Oct 22nd, ’14. At this point in the year the road cyclists in Europe are ... read more
Oct 21st, ’14. The Tour of Hainan got underway in Chengmai yesterday and in the ... read more
Oct 21st, ’14. With the European road race season at an end, cyclo-cross is hitting ... read more
Clinton Avery talks pro debut
Feb 4th, 12. On Sunday in Qatar, New Zealand's newest pro rider makes his debut.
RoadCycling.co.nz caught up with Clinton Avery of Champion System Pro Cycling Team.
This brand new team is the world's first Asian-based UCI Pro Continental Team, and with them 24 year old Avery has had a busy month meeting his teammates, doing media briefings and attending training camps.
"I joined the team on the 7th of January in Hong Kong where we sorted out a lot of logistical stuff and medicals for the UCI. From there we moved to Beijing for a couple of days for the team presentation," Avery shared.
After trying out the famed Beijing Duck - "Don't know what the big deal was though, it just tastes like normal duck" - the 6'4" Kiwi went to Hainan Island for a two week training camp.
While the training was good, there were a few surprises along the way.
"We had to watch out for dogs, chickens and pigs which all thought the road was the best place to find food!"
At the conclusion of the training camp the team went back to Hong Kong, and Avery and the rest of the riders on the Tour of Qatar roster headed away to race.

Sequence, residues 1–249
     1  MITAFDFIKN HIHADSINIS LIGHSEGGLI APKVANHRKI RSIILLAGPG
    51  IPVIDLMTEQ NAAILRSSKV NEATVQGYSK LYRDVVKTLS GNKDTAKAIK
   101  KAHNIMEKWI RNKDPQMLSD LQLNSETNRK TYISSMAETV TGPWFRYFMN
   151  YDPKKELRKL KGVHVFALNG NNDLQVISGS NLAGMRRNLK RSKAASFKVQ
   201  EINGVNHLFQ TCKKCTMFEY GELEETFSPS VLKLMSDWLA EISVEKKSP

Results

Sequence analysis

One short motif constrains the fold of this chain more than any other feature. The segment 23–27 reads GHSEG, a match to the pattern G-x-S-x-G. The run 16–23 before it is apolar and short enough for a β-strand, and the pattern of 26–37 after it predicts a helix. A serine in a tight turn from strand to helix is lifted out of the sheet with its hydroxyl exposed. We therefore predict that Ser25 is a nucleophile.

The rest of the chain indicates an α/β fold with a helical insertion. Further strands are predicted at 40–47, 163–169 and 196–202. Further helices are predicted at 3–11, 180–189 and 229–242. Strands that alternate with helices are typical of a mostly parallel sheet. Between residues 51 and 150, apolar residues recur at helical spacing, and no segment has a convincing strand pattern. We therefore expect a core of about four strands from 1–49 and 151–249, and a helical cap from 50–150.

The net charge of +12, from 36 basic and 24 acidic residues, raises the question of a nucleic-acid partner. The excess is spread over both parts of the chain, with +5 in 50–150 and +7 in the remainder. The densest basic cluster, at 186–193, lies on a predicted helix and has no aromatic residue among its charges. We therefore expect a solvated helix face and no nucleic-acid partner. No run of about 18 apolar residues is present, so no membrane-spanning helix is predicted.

Champion System Pro Cycling Team has a mix of nationalities including four from this part of the world - Avery and three Aussies.
Although there are language issues, as most of the Chinese riders don't speak Engish, the team has a translator who travels with them to minimise the impact. On the road, one of the Chinese riders who does know English acts as translator.
Avery said the level of the team is reasonably high in terms of rider ability with most of the roster having had World Tour experience. They were all were bouyed by Will Clarke's brilliant solo breakaway stage victory at the Tour Down Under while riding for the Australian National team.
"Judging by the training in Hainan, I am in the sprinter's group, but will be used most of the time as the last guy in the lead out train," Avery said of his role in the team.
"For Qatar, the sprinter we have is Aaron Kemps. Maybe in Oman I can get my chance as we have no pure sprinter for there."
Although Avery acknowledges everyone wants to do well at the beginning of the season and to compare themselves against the world's best, he sees the Tour of Qatar, followed by the Tour of Oman, is primarily an opportunity to continue to build his base for his key goal events - classic races in Belgium.
Belgium's cobbled roads are where the Kiwi has shone in the past and where many expect him to stake out his pro-racing future.
"Champion System are riding some of the minor classics, the biggest being Het Nieuwsblad (UCI 1.HC), and I do most of the Belgium races in the beginning of the season but no World Tour Classics," Avery explained.
"I think by April I will have at least 20 days of racing already."
The Rotorua rider is hoping to rent a house in Belgium for the season.
"Since the Belgium races are what I want to do well in, I figure it's best to be there," he said.
Champion System Tour of Qatar Roster UCI2.HC - Feb 5-10th
N.B. Two other Kiwis are on the start list for the Tour of Qatar - Jack Bauer (Garmin Barracuda) and Greg Henderson (Lotto Belisol).
Tweet Follow @roadcycling
Support RoadCycling.co.nz Advertisers